Just 28.000 kg of Strawberries and Cream at Wimbledon
• To ensure uttermost freshness, strawberries are picked the day before being served, arrive at Wimbledon at around 5.30 am where inspected before being purified.
• Usually Grade I Kent strawberries of the highest quality are served.
• Around 28,000 kg consumed during the Fortnight.
• Around 8615 punnets (2100 kg) containing minimum of 10 berries consumed daily.
• Served with over 7,000 litres of fresh cream.
• 142,000 portions of strawberries served in 2012.
• price of strawberries and cream at Wimbledon for one punnet:
1993 – £1.70; 1994 – £1.70; 1995 – £1.75; 1996 – £1.80; 1997 – £1.85; 1998 – £1.85; 1999 – £1.75; 2000 – £1.80; 2001 – £1.85: 2002 – £1.95; 2003 – £2.00; 2004 – £2.00; 2005 – £2.00; 2006-£2.00; 2007-£2.00; 2008-£2.25; 2009- £2.25; 2010 – £2.50; 2011- £2.50: 2012-£2.50, 2013-£2.50, 2014- £2.50.
4.Bow or not to bow?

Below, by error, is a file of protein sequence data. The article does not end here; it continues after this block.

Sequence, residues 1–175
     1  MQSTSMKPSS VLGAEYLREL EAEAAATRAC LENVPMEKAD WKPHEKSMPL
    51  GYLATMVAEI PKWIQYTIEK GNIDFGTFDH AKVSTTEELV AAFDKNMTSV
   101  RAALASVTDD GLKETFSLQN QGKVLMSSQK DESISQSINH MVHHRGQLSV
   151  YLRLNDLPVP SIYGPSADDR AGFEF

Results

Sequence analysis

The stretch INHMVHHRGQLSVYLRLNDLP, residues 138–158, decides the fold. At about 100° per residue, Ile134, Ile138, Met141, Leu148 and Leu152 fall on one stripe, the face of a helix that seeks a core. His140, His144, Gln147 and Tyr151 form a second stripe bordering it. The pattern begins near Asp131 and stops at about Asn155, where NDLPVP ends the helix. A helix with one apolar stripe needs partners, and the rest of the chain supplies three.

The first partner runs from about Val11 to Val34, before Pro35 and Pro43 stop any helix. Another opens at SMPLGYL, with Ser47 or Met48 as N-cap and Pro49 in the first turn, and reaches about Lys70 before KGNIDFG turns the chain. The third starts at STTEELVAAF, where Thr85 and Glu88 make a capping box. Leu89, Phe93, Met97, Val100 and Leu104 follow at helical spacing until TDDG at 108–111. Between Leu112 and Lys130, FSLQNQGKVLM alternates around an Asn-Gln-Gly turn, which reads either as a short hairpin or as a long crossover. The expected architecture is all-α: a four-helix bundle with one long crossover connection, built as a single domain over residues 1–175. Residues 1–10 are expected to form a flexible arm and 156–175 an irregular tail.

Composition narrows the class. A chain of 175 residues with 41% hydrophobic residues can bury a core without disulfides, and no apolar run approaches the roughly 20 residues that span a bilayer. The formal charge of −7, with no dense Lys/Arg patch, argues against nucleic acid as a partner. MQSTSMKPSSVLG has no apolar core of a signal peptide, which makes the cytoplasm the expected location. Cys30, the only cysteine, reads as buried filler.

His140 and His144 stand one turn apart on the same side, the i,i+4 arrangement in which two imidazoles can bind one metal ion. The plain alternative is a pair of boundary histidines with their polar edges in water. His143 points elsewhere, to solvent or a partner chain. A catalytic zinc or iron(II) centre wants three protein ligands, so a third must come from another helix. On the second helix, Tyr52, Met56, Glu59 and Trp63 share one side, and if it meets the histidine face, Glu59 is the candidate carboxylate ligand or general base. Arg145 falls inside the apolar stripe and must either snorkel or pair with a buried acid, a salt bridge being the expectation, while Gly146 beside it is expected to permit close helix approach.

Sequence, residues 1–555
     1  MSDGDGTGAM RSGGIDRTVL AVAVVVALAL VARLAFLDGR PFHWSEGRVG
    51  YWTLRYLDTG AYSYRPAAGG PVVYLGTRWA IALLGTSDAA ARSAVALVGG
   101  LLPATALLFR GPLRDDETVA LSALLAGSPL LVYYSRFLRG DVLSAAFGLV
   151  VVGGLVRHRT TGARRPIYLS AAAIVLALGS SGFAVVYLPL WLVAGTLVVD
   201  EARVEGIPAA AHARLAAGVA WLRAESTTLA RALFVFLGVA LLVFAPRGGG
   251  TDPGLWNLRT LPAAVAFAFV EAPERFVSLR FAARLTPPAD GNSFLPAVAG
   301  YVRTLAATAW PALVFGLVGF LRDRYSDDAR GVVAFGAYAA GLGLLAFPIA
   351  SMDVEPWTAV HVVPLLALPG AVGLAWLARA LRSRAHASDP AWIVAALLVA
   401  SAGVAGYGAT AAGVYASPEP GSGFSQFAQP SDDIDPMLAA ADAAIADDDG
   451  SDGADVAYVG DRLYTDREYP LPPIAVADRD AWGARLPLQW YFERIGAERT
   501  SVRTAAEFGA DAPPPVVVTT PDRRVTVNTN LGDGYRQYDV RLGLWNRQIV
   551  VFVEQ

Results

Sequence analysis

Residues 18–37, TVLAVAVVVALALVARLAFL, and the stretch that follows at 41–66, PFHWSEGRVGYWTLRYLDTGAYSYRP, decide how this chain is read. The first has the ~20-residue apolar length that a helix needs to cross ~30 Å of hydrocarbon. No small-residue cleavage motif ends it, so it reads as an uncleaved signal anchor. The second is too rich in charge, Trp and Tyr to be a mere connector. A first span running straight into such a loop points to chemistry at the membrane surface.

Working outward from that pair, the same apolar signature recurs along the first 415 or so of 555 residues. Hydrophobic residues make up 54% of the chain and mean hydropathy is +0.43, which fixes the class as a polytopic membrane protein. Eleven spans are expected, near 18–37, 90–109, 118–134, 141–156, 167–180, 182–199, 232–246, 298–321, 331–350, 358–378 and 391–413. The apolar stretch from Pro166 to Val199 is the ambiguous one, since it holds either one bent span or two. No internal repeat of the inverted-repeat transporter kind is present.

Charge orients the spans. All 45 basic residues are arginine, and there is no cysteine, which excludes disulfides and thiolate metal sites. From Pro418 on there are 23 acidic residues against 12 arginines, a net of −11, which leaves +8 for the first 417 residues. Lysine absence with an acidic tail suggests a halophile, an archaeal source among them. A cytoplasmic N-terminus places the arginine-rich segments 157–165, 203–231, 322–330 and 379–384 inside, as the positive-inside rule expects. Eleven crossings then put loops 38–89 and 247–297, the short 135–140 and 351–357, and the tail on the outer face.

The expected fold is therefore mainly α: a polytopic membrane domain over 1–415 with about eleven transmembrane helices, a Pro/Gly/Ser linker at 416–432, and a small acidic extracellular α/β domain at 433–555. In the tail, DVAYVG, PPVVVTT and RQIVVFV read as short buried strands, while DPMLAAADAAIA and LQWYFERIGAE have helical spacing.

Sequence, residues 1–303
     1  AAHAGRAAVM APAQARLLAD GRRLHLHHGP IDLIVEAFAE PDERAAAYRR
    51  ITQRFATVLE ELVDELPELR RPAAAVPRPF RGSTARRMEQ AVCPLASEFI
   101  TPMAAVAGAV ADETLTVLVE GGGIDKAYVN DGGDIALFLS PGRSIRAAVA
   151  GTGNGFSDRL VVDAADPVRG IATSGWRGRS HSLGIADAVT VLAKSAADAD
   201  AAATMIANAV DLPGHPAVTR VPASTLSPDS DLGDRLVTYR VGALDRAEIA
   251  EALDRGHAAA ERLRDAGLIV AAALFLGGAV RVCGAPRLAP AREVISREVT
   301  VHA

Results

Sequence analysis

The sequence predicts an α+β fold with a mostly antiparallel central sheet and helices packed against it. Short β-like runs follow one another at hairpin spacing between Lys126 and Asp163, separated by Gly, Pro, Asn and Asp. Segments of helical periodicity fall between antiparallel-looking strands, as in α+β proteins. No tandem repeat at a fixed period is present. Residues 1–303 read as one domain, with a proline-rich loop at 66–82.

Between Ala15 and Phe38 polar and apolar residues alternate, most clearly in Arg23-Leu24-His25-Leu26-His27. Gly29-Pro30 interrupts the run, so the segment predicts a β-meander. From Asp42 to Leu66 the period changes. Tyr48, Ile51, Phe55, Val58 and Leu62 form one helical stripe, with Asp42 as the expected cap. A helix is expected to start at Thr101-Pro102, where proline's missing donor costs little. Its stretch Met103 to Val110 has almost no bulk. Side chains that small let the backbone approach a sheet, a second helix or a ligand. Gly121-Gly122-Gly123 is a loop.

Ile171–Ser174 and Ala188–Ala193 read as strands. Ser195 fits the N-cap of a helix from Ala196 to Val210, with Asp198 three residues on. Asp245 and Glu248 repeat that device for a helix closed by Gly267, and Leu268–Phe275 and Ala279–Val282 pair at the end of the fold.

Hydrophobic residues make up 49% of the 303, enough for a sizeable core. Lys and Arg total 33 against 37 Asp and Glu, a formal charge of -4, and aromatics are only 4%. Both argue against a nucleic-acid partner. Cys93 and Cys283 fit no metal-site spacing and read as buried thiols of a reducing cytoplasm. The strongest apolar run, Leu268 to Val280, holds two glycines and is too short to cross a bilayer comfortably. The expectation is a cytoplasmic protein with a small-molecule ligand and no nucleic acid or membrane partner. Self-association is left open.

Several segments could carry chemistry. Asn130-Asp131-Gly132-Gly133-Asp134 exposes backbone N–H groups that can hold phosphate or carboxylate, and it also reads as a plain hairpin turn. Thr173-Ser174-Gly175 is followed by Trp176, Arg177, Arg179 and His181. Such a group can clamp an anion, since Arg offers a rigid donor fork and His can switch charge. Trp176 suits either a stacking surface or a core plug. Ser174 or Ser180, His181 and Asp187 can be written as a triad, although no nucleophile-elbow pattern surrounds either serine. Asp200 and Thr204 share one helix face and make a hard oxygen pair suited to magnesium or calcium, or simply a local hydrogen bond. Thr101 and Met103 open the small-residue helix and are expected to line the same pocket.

Wimbledon is attended by the royalty and the English Royal family since 1907. It is the only grand slam which is attended by the royalty.
Traditionally, players have to bow to the Royal Box upon entering or leaving the Wimbledon Centre Court. However, in 2003, the President of the All England Club, the Duke of Kent, discontinued this long-standing Wimbledon tradition and deemed it an anachronism in modern times. Now players have to bow only if the Queen or the Prince of Wales are present in the royal box.
5. A privilege for the defending wimbledon tennis champions
First one. The matches on Wimbledon Centre Court are kicked off by the defending champion of the Gentleman’s Singles. In 2015, this was Novak Djokovic. This is a privilege for the defending champion as he gets to play on fresh and unused grass surface for his opening match. Also the defending women’s champ kicks off on Wimbledon’s second day.
Second one. The middle Sunday of the two-week event is a day-off. Without exceptions. However, despite the rainy weather, only 3 times in the history of Wimbledon (1991, 1997 and 2001) has Middle Sunday been used draw up matches.